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Deciphering Protein–Protein Interactions. Part I. Experimental Techniques and Databases

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PLoS Computational Biology

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      Most cited references 129

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      Cluster analysis and display of genome-wide expression patterns.

      A system of cluster analysis for genome-wide expression data from DNA microarray hybridization is described that uses standard statistical algorithms to arrange genes according to similarity in pattern of gene expression. The output is displayed graphically, conveying the clustering and the underlying expression data simultaneously in a form intuitive for biologists. We have found in the budding yeast Saccharomyces cerevisiae that clustering gene expression data groups together efficiently genes of known similar function, and we find a similar tendency in human data. Thus patterns seen in genome-wide expression experiments can be interpreted as indications of the status of cellular processes. Also, coexpression of genes of known function with poorly characterized or novel genes may provide a simple means of gaining leads to the functions of many genes for which information is not available currently.
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        BioGRID: a general repository for interaction datasets

        Access to unified datasets of protein and genetic interactions is critical for interrogation of gene/protein function and analysis of global network properties. BioGRID is a freely accessible database of physical and genetic interactions available at . BioGRID release version 2.0 includes >116 000 interactions from Saccharomyces cerevisiae, Caenorhabditis elegans, Drosophila melanogaster and Homo sapiens. Over 30 000 interactions have recently been added from 5778 sources through exhaustive curation of the Saccharomyces cerevisiae primary literature. An internally hyper-linked web interface allows for rapid search and retrieval of interaction data. Full or user-defined datasets are freely downloadable as tab-delimited text files and PSI-MI XML. Pre-computed graphical layouts of interactions are available in a variety of file formats. User-customized graphs with embedded protein, gene and interaction attributes can be constructed with a visualization system called Osprey that is dynamically linked to the BioGRID.
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          Functional organization of the yeast proteome by systematic analysis of protein complexes.

          Most cellular processes are carried out by multiprotein complexes. The identification and analysis of their components provides insight into how the ensemble of expressed proteins (proteome) is organized into functional units. We used tandem-affinity purification (TAP) and mass spectrometry in a large-scale approach to characterize multiprotein complexes in Saccharomyces cerevisiae. We processed 1,739 genes, including 1,143 human orthologues of relevance to human biology, and purified 589 protein assemblies. Bioinformatic analysis of these assemblies defined 232 distinct multiprotein complexes and proposed new cellular roles for 344 proteins, including 231 proteins with no previous functional annotation. Comparison of yeast and human complexes showed that conservation across species extends from single proteins to their molecular environment. Our analysis provides an outline of the eukaryotic proteome as a network of protein complexes at a level of organization beyond binary interactions. This higher-order map contains fundamental biological information and offers the context for a more reasoned and informed approach to drug discovery.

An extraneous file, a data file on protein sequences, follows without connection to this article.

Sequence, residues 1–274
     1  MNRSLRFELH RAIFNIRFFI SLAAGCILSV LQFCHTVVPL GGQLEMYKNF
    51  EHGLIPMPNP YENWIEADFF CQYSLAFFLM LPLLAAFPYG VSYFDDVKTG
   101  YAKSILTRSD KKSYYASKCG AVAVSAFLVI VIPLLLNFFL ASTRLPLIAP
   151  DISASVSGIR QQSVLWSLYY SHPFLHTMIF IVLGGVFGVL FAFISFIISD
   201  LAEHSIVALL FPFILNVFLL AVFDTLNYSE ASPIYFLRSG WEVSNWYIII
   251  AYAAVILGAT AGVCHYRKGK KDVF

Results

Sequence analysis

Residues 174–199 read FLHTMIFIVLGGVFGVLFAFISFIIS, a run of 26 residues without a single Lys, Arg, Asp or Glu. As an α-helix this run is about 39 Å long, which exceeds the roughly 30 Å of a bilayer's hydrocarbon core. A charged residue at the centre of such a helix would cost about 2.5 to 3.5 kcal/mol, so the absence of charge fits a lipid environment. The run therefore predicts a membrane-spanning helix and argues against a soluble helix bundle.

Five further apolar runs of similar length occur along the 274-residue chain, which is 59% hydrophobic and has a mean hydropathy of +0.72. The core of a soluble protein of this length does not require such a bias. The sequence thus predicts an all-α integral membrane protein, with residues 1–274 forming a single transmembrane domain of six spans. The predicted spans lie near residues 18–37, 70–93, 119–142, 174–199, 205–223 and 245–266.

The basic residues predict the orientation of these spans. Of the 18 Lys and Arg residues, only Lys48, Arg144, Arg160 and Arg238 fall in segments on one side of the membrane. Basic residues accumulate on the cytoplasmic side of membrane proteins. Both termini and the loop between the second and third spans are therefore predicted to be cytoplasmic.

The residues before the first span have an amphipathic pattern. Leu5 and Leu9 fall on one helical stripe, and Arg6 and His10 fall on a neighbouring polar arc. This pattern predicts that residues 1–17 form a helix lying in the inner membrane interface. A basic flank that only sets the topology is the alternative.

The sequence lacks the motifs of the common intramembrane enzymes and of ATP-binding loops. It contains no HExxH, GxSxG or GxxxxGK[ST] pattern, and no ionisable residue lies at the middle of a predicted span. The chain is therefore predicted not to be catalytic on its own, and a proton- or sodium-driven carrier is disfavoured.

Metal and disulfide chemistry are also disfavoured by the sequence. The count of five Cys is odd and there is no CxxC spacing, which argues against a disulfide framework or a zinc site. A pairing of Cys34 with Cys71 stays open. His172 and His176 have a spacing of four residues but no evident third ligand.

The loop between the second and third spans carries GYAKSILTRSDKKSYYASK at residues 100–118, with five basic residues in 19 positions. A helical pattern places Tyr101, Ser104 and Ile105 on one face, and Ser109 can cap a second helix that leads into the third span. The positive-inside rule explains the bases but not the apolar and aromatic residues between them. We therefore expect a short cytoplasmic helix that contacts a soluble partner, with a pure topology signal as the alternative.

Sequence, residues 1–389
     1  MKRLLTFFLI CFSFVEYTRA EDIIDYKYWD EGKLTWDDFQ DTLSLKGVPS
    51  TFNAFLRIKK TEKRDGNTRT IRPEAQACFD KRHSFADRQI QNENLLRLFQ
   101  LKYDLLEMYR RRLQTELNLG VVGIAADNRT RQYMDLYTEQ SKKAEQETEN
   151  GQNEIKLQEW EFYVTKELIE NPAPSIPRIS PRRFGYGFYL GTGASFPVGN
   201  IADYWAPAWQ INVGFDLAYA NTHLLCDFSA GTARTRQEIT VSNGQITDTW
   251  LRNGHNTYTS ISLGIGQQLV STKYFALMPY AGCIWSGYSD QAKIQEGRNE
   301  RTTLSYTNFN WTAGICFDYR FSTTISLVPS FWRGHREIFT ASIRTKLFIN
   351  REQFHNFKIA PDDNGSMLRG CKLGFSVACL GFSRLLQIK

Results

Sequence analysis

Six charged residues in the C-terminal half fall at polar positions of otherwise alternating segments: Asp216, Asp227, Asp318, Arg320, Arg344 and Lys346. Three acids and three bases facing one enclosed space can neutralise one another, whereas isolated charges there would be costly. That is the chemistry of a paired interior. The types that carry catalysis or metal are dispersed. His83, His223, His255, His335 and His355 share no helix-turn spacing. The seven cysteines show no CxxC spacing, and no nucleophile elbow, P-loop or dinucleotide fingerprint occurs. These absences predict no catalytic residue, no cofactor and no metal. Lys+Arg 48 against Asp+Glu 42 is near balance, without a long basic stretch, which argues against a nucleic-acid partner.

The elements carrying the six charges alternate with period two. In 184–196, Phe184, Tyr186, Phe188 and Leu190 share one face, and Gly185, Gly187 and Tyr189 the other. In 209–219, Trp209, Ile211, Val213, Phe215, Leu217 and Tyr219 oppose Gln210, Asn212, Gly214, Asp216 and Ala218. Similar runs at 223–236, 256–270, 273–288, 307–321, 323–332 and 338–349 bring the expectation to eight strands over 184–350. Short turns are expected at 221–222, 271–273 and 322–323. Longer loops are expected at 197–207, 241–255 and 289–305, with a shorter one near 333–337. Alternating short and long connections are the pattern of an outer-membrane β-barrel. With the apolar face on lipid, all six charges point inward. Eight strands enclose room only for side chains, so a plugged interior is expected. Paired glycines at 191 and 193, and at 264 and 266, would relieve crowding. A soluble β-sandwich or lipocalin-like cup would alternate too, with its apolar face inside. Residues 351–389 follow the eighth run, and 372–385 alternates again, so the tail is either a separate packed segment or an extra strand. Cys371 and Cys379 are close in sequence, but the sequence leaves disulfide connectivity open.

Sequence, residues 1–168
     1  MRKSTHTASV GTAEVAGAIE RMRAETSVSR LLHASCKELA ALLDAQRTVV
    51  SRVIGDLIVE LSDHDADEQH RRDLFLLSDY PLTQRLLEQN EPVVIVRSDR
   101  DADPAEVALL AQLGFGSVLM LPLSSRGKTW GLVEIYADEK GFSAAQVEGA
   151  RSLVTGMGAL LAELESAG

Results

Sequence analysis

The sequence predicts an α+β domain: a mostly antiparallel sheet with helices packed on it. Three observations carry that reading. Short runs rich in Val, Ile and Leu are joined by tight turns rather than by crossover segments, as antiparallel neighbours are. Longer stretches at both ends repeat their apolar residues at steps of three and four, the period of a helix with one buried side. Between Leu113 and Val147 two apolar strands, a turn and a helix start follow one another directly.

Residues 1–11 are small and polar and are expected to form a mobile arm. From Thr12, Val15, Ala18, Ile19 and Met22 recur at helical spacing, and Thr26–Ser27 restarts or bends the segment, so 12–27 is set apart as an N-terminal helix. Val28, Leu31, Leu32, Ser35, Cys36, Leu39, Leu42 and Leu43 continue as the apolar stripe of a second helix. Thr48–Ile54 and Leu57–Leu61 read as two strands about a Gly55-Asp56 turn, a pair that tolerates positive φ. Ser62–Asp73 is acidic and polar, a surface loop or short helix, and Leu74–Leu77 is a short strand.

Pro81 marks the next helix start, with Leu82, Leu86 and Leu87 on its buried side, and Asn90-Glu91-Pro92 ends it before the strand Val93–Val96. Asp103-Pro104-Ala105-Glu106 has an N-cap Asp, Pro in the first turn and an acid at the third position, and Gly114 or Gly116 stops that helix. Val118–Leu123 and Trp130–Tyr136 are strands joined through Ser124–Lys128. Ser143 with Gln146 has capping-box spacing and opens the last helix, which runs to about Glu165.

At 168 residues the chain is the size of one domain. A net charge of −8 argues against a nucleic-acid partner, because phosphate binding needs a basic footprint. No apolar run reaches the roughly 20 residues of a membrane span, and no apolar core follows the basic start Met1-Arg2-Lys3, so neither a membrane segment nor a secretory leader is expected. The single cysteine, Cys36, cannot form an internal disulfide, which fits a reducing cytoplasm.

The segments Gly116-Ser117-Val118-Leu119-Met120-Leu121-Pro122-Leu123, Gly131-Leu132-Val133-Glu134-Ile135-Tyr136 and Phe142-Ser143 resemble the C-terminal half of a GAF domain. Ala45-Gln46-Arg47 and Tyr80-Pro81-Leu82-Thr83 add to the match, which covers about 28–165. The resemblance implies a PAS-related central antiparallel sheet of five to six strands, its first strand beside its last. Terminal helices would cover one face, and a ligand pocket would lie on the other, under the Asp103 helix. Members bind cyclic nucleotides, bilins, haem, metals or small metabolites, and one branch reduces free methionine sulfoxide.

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            Author and article information

            Affiliations
            Whitehead Institute, United States of America
            Author notes
            * To whom correspondence should be addressed. E-mail: panch@ 123456ncbi.nlm.nih.gov
            Contributors
            Role: Editor
            Journal
            PLoS Comput Biol
            pcbi
            PLoS Computational Biology
            Public Library of Science (San Francisco, USA )
            1553-734X
            1553-7358
            March 2007
            30 March 2007
            : 3
            : 3
            1847991
            10.1371/journal.pcbi.0030042
            06-PLCB-EN-0421R2 plcb-03-03-13
            17397251
            (Editor)
            Copyright: © 2007 Shoemaker and Panchenko. This is an open-access article distributed under the terms of the Creative Commons Public Domain declaration which stipulates that, once placed in the public domain, this work may be freely reproduced, distributed, transmitted, modified, built upon, or otherwise used by anyone for any lawful purpose.
            Counts
            Pages: 8
            Categories
            Education
            Computational Biology
            Molecular Biology
            None
            Custom metadata
            Shoemaker BA, Panchenko, AR (2007) Deciphering protein–protein interactions. Part I. Experimental techniques and databases. PLoS Comput Biol 3(3): e42. doi: 10.1371/journal.pcbi.0030042
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            Quantitative & Systems biology

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